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It ain't easy being cheesey.
May 1, 2007 9:50 AM   Subscribe

Are there cheeses that are buried in manure during the aging process? If so, what are the names of these cheeses?

So I have a bet to settle...

I remember reading long ago about some cheeses, French specifically, that were buried in manure during the aging process to impart specific flavors. My coworker has called shenanigans.

Anyone know of this and if so, could you give me some cheese names or links? Google is stonewalling me on my cheese/manure/french/etc/etc searches.

Thanks in advance!!
posted by MrToad to Food & Drink (10 answers total)
 
I'm not sure how reliable this is, but...
Gamalost, a cheese made by the Vikings 1000 years ago which is believed to have medicinal and healing properties, is also said to improve sexual function. According to research by Janice Nieder of the Slow Food San Francisco Convivium, some of the cheese's benefits stem from the fact it has more than 50 percent protein and less than 1 percent fat.

Nieder also says Gamalost contains significant amounts of chitosan, a substance said to lower cholesterol levels. Nieder reported to the cheese to be robust in both smell and flavor, but sampled a piece less than two weeks old. Norwegian legend states Gamalost is created by stuffing a piece of cheese into an old sock, burying it in manure under a barn. The cheese is ready to be eaten when it crawls out by itself.


Original source
posted by parilous at 10:09 AM on May 1, 2007


I should edit that last link, because the text is found here.
posted by parilous at 10:19 AM on May 1, 2007


Thanks. I'd seen that one but figured my buddy would blow it off due to the "Norwegian legend states..." part.

I also saw mention of cheese under crap in this AskMeFi thread, but there were no direct references.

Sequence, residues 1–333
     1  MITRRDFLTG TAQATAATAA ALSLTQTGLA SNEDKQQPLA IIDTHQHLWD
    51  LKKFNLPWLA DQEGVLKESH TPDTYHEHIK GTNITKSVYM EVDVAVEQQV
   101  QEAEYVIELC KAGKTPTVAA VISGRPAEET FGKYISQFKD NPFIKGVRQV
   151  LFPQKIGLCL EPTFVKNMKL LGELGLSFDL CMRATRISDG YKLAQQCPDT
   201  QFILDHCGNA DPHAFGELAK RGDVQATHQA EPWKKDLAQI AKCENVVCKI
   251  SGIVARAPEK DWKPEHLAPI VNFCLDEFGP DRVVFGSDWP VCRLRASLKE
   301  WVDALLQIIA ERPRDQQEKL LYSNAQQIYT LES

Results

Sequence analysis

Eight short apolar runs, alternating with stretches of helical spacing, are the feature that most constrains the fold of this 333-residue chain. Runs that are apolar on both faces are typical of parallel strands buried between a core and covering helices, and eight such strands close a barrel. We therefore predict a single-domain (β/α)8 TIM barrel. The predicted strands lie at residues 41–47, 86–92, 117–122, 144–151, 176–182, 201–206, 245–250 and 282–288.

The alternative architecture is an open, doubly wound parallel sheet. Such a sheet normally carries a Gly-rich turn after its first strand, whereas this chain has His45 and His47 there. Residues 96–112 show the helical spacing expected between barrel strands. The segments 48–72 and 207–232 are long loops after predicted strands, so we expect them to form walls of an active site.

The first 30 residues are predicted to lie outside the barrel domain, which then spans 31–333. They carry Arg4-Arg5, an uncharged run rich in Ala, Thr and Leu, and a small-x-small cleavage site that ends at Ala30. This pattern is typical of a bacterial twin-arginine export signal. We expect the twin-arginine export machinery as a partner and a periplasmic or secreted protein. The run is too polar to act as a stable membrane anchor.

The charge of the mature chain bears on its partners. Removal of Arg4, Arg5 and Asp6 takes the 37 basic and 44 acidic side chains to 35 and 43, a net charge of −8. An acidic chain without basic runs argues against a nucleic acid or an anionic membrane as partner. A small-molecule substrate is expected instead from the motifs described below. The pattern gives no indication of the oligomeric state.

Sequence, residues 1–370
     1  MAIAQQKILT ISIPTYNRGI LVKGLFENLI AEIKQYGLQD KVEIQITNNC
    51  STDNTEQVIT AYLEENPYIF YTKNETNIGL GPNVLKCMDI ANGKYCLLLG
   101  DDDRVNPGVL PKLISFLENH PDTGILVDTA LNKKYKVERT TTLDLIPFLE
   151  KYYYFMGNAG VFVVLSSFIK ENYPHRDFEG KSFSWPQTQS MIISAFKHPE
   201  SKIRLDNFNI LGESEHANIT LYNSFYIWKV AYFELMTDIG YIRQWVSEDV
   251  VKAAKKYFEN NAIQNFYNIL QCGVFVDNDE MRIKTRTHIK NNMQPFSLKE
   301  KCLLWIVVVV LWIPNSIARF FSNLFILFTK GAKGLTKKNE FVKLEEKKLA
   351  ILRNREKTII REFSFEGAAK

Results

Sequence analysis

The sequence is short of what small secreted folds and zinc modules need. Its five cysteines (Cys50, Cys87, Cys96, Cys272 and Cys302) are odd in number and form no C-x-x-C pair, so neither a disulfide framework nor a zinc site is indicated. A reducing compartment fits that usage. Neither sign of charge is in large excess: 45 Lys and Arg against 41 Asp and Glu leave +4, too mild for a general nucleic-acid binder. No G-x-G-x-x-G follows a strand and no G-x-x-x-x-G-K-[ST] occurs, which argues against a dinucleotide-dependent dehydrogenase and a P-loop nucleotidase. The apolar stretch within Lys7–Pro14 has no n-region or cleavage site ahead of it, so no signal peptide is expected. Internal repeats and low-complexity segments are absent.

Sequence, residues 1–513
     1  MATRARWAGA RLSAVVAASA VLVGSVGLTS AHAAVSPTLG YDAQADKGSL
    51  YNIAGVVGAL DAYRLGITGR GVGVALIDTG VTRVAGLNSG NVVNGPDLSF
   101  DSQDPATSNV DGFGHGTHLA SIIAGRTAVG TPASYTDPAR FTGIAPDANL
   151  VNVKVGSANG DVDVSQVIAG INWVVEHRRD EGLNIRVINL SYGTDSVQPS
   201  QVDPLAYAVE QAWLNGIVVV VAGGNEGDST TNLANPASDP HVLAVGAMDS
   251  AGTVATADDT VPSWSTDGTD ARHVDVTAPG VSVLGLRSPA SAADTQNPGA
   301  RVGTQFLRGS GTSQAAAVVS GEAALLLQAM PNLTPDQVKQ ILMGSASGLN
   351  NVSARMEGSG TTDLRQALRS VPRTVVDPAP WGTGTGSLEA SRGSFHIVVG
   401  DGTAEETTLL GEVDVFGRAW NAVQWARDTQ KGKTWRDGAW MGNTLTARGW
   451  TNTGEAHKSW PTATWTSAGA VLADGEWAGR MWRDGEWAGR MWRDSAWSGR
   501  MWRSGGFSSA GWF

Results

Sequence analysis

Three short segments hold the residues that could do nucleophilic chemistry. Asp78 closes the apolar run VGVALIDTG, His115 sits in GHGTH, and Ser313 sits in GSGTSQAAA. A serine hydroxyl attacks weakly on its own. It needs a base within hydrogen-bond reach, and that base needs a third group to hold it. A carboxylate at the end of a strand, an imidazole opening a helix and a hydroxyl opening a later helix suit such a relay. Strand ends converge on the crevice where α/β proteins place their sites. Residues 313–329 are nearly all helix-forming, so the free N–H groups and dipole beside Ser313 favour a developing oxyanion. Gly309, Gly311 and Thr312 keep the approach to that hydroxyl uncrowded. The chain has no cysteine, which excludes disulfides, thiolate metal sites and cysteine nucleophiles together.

posted by MrToad at 10:21 AM on May 1, 2007


I found a brief mention in a blurb about a book on Amazon.

Here is the bit.

"Thus we meet the likes of Cindy and David Meyers, whose Vermont dairy makes exceptional cheeses, and Germany's Torshen Kramer, producer of fine cured meats and sausages. The artisans also share with Kummer the stories of their work (of their early cheese-making efforts Cindy Meyers says, "The bleu wouldn't turn blue ... I buried a lot of cheese in the manure pile")."
posted by munchingzombie at 10:27 AM on May 1, 2007


Gamalost is the Norwegian limberger in terms of reputation for foulness (there is even a song about it). I wouldn't believe any legends about its origins. Cheese can get plenty stinky without involving feet, socks or manure.
posted by Good Brain at 10:29 AM on May 1, 2007


The cheese is ready to be eaten when it crawls out by itself.

This doesn't sound quite right.
posted by RustyBrooks at 10:29 AM on May 1, 2007


munchingzombie: I read that as "I threw out a lot of cheese".

How about "The cheese is cured by hanging them over cow manure in a barn." (Gammalost again)
posted by Leon at 10:33 AM on May 1, 2007


USDA definition of Gammelost, courtesy of archive.org. No mention of manure, but I wonder if a big, decomposing manure pile might be a suitable "warm place" in a pinch.
posted by Leon at 10:44 AM on May 1, 2007


Are there cheeses that are buried in manure during the aging process? If so, what are the names of these cheeses?

I really thought the "more inside" would say "...so I can avoid them."

I had heard of this too. Good AskMe.
posted by The Deej at 12:42 PM on May 1, 2007


Are you sure you're not thinking of Sardinia's (in)famous maggot cheese? There's some kind of manure relationship there, and the gross factor is high:

- Wikipedia
- Verified!
posted by missmobtown at 12:46 PM on May 1, 2007


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